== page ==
Of all the existential threats to humanity, a global pandemic seems to be the most likely to cause a serious disaster. In this modern age of international travel, a contagious disease can spread halfway around the world before anybody even knows it’s there. This seems to be the case with the new virus that is causing panic in China, where the death toll is continuing to rise.

There are a few ways a new virus can appear, but one of the most common, and often most deadly, is when a previously animal-specific virus mutates and jumps the species barrier to humans. In the case of the novel coronavirus currently plaguing China, it seems like the source of the disease is bats. The cause of transmission seems to be people eating the bats, which are purchased from the vast food markets that are commonplace in China’s more rural areas. These markets often sell many dozens of different live animal species for food, including snakes, turtles, wild rabbits, foxes, Asian palm civets and frogs. The animals are kept in overcrowded cages next to each other. The urine and faeces are all washed out into pools around the edge of the market stalls, where they fester in the sun, which creates a perfect breeding ground for new diseases. These diseases then end up back in the animals where they are passed on to the people who eat the meat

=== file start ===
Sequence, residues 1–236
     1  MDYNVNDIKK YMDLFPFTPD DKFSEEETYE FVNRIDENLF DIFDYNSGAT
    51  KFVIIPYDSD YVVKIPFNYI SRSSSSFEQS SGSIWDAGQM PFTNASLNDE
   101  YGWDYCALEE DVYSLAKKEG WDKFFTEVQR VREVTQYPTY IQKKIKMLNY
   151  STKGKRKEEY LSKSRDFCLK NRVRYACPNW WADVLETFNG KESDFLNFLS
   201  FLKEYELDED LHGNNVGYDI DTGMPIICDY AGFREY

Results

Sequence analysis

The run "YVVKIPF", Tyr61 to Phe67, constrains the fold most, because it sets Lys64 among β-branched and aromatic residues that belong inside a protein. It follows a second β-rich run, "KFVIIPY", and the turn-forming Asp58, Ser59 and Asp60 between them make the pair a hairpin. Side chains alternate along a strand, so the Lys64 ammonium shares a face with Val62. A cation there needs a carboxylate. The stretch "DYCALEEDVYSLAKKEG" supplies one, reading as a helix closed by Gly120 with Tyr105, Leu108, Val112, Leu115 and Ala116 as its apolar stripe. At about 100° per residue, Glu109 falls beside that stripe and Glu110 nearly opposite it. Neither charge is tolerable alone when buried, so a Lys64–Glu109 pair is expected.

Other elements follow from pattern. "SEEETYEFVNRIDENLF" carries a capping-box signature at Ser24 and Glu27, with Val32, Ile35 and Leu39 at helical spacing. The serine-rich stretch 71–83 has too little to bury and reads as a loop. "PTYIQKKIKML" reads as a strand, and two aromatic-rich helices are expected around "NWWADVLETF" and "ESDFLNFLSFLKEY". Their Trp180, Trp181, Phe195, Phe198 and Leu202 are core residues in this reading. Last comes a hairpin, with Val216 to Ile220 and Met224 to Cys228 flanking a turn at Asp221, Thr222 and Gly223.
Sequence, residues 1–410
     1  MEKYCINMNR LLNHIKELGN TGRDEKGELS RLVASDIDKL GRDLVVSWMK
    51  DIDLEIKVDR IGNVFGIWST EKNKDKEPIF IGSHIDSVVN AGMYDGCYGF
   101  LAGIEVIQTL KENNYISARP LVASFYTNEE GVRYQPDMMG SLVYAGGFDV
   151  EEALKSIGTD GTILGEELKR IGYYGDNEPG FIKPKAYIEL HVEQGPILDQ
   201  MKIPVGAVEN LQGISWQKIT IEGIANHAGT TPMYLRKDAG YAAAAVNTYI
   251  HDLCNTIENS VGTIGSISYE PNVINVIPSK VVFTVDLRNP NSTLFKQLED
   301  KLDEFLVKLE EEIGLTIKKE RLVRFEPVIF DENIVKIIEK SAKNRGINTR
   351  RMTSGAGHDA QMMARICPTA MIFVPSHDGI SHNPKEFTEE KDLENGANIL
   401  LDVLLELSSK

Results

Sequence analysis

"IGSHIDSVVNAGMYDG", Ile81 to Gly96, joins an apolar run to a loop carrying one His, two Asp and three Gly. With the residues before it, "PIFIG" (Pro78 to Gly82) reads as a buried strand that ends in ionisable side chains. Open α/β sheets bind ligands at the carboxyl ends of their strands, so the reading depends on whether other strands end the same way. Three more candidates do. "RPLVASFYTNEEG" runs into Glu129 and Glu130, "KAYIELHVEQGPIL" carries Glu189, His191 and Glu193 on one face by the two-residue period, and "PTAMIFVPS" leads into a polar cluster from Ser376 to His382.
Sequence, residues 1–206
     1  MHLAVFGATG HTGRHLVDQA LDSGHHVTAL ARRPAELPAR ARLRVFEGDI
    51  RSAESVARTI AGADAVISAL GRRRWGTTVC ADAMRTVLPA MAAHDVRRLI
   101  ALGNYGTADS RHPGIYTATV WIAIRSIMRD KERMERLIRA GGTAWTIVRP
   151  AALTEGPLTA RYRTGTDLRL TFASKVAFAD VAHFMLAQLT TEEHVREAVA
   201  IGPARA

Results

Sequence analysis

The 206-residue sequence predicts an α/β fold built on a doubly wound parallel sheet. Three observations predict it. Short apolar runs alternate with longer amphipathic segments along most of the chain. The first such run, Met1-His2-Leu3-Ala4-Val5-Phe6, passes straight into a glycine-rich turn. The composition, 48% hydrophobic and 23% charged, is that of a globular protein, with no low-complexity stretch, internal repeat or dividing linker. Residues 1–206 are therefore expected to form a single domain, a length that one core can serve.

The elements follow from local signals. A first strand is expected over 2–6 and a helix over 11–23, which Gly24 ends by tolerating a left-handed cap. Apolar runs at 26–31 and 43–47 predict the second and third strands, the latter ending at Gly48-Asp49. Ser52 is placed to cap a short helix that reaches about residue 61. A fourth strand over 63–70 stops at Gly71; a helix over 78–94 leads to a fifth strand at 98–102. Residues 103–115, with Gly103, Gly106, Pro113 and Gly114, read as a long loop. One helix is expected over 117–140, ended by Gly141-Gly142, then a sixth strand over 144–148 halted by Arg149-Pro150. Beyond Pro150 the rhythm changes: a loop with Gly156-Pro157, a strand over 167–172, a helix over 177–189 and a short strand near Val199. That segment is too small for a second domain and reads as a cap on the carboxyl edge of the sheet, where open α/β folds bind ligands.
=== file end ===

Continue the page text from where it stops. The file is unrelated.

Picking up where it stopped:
China does have various laws which are intended to ban these kind of unsafe practices, but as an old Chinese saying goes, the mountains are high and the Emperor is far away; in other words, the laws are not well enforced across such a huge country where some parts seem to be living in a different age from the rest. It is easy to condemn the apparently irresponsible behaviour which allows this to happen, but it’s worth remembering that the industrial farming techniques used in the West are not all that much better. Confining any animal in high density situations promotes inter-species transmission of disease vectors. The only reason that industrial farming doesn’t breed new viruses is because of the high levels of antibiotics administered to the livestock. Of course, this may ultimately prove to be even worse, because it is leading to the rise of antibiotic resistant infections. The novel coronavirus has now killed over 200 people in China, which is obviously bad; but last year, in the US, 35,000 people died from antibiotic resistant infections, yet we don’t see that making the headlines. If we are to really get a grip on newly emergent diseases, we need to completely re-evaluate food production around the world.